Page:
- The search giant said it will pay $23 a share for the publicly traded company, which was founded in 2004.
- If the deal goes through, Mandiant will join Google's cloud computing division.
The Mountain View, California, search giant said it will pay $23 a share for the publicly traded firm, which was founded in 2004.
If the deal gets approved by regulators, it will be Google's second-largest acquisition ever behind its $12.5 billion Motorola Mobility deal in 2012. Google sold the company to Lenovo for $2.9 billion two years later. Google's third-largest acquisition is smart home product maker Nest, which it bought for $3.2 billion in 2014. Google is a unit of Alphabet.
"Organizations around the world are facing unprecedented cybersecurity challenges as the sophistication and severity of attacks that were previously used to target major governments are now being used to target companies in every industry," said Thomas Kurian, CEO of Google Cloud, in a statement.
He added: "We look forward to welcoming Mandiant to Google Cloud to further enhance our security operations suite and advisory services, and help customers address their most important security challenges."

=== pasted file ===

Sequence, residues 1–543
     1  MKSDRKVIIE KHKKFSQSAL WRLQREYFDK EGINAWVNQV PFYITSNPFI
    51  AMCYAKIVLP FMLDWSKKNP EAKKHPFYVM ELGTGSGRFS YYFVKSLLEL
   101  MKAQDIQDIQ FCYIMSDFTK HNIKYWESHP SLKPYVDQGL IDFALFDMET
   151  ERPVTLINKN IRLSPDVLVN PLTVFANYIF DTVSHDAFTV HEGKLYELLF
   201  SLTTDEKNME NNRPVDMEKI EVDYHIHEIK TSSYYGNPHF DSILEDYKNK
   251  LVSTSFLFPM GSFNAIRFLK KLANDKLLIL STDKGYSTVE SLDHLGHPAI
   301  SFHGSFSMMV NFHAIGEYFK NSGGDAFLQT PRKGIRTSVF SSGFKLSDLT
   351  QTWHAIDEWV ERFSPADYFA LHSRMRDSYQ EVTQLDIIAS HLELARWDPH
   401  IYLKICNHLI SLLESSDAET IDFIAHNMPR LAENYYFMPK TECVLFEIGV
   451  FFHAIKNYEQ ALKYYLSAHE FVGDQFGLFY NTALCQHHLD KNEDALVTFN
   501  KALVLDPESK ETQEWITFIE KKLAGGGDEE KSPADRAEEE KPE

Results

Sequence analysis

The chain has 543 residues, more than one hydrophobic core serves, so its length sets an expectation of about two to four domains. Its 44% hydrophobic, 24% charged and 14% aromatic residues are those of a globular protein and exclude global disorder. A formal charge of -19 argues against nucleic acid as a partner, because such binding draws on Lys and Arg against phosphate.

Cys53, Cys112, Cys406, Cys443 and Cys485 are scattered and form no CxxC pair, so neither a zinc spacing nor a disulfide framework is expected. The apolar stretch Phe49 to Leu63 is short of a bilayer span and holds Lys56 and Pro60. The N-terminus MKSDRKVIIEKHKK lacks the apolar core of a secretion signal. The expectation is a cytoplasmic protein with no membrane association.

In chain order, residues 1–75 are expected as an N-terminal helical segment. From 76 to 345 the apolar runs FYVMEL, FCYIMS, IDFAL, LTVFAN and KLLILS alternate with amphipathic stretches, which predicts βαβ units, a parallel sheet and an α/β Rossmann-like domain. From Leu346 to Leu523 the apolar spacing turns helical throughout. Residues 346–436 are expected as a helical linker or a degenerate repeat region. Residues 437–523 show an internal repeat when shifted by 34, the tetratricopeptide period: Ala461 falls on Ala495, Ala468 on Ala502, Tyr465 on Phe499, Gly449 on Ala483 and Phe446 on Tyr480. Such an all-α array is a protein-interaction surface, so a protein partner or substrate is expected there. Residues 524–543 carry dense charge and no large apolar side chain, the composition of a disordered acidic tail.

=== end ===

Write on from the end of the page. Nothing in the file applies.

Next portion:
The deal is expected to close later this year.
Mandiant, which has a market value around $5.25 billion, was previously under the FireEye umbrella before that brand was sold. FireEye was credited with helping Microsoft discover the SolarWinds hack that attacked government systems in 2019 and 2020.
Wedbush analyst Dan Ives said in a note to investors Tuesday, "With cyber attacks increasing by the day and cyber warfare underway from Russia/state sponsored cyber terrorism organizations, Google is doubling down on its cyber security footprint at the right time with Mandiant and looking to differentiate itself from the likes of behemoths Microsoft and Amazon in the cloud arms race."
Ives said his firm expects the deal to have a "major ripple impact" across the cybersecurity space.
"Cloud stalwarts Amazon and Microsoft will now be pressured into M&A and further bulk up its cloud platforms," he said.
"We believe cyber names such as Varonis, Tenable, CyberArk, Qualys, Rapid7, SailPoint, and Ping standout as potential M&A candidates in cyber security (among a handful of private players) given these vendors laser focus on protecting next generation cloud workloads from cyber attacks."
— Additional reporting by CNBC's Sarah Alessandrini.
Correction: The SolarWinds hack attacked government systems in 2019 and 2020. An earlier version misstated the time frame.